Living with an Addict 

 

When you think of an addict, you don’t normally think of the middle aged man upholding a nice job, with a loving wife and two kids, am I right? Well neither did I, until that man happened to be my father.

 

I was almost 16 when I began to realize why my dad slept in the basement almost every night and why my mom would wake him up screaming every morning. He was an alcoholic, but I just couldn’t understand why he wouldn’t stop drinking if it would make our family better again. You hear stories about kids with alcoholic parents all the time but you never seem to think that something so tragic could happen in your own life. My mom kept it from my sister and I for most of our lives. That was until I was old enough to understand what was really going on. At that age I couldn’t help but think that if my dad loved us as much as he says he does then he would just put the bottle down. But instead, it only got worse as time went on. There was a lot of fighting and constant lying, I just knew that wasn’t the dad that I always looked up to. I couldn’t understand why he wouldn’t stop.

 

The night before my dad went to rehab for the second and last time, happened to be the most traumatic night and experience I have ever been put through. It was late on a Friday night, my mom had picked us up from cheer practice. We all thought it was strange that my dad wasn’t home yet but we figured he had been at an AA meeting. We have an app on all of our phones called ‘Find My I phone’ that the four of us always had on just incase we lost our phones. My mom decided to look at the app to find out where my dad was and it had said that his phone was offline, which meant he turned it off on his phone. My mom called my dad multiple times to see where he was, no answer. Finally, we got him to answer. He was slurring his words, crying, and none of us could understand what he was saying. We asked him if he was driving his car and he told us yes and we asked him to please stop driving. What he had replied back to us will haunt me until the day I die. He slurred “I don’t want to live anymore, this isn’t how my life was supposed to be”, then hung up the phone. We all started crying and didn’t know what to do. We called his brother, his best friend, and his parents. They all were trying to reach him to figure out where he was so they could stop him from driving. In the mean time, we were at the police station sending out a search warrant for him. We got a call from his best friend saying he got him and that he was taking him to his parent’s house for the night. To this day, I will never forget the feeling I had when I thought I was going to have to bury my father at the age of 16. I couldn’t help but think that I was about to lose my amazing and loving father to such a horrific disease.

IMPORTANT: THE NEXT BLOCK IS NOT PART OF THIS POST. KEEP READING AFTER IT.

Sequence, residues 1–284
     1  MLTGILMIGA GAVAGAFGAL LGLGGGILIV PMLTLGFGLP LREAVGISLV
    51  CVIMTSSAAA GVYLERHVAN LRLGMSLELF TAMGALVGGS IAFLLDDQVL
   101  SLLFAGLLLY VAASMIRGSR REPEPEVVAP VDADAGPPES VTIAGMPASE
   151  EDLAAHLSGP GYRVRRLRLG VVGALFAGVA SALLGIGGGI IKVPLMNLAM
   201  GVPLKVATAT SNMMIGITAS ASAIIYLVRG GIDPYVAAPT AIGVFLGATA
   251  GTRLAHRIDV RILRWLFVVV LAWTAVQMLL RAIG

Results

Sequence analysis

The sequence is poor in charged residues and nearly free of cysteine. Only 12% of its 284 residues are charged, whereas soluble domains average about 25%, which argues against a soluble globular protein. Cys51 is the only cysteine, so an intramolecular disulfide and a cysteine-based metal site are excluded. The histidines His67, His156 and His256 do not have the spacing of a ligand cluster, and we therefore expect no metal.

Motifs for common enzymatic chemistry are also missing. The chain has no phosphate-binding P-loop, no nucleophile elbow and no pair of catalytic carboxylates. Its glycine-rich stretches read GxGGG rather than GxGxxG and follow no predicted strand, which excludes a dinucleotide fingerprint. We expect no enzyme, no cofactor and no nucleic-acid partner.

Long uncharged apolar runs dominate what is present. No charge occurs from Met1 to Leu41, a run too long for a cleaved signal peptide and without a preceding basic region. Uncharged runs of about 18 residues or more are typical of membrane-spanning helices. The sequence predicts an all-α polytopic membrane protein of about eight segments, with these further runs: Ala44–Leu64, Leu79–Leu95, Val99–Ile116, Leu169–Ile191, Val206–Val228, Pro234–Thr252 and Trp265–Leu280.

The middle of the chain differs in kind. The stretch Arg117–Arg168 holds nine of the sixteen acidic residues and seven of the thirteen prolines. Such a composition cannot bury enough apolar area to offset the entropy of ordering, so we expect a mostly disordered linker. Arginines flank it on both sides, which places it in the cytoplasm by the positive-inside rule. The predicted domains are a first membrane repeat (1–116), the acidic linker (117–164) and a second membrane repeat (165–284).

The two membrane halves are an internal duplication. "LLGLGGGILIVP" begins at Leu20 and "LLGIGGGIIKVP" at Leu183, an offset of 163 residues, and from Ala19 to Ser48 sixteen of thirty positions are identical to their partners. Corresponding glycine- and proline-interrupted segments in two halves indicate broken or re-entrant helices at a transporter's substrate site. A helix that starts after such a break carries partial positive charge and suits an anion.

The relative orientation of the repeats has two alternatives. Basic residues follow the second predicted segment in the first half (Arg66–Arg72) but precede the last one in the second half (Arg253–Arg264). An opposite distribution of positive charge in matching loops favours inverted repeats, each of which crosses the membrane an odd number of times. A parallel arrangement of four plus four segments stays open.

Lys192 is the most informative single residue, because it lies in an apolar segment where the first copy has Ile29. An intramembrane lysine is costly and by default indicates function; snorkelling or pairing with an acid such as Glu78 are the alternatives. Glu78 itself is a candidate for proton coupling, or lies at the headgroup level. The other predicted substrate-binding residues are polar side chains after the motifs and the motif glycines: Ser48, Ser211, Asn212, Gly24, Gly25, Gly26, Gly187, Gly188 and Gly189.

I share my story because I want to spread awareness to loved ones of addicts around the world to help them understand they are not alone. My dad was, and still is the biggest role model in my life. He is going on almost 2 and a half years of sobriety coming up in November. He went to rehab twice, both times he went he stayed for a month at a time. Those weeks were long and hard not having him around the house. It took a toll on my mom and I really had to step up in the house to help out my mom as much as I could at the time.

 

Addiction is just an addiction, until someone close to you is an addict. I say that to help people understand that addiction is not just an addiction. It is so much more than that. Alcoholism is a disease classified as an addiction. Would I have been able to tell you that before I watched it take over my dad’s job, his everyday life, and almost his family? That’s easy, I wouldn’t have. I will never hate my dad for once being an alcoholic. Sure, it was difficult for me to deal with but I forgive him for all the hard times because they have now led to all of the good. Everybody you know is fighting a battle you may not know of. If this experience taught me anything, it is to never give up when life gets tough. If you have a loved one fighting or hurting, don’t hate them for it, help them through it. They will not get through it without your love and support. It will get hard and you will want to give up on them at times but when they are sober you wont regret a single moment that you stuck by their side. Furthermore, his addiction has also taught me to be careful in the future. To never let alcohol be the solution to anything. Its okay to have a few drinks with your friends here and there but binge drinking every weekend can lead to addiction. Alcohol is not the solution to your problems.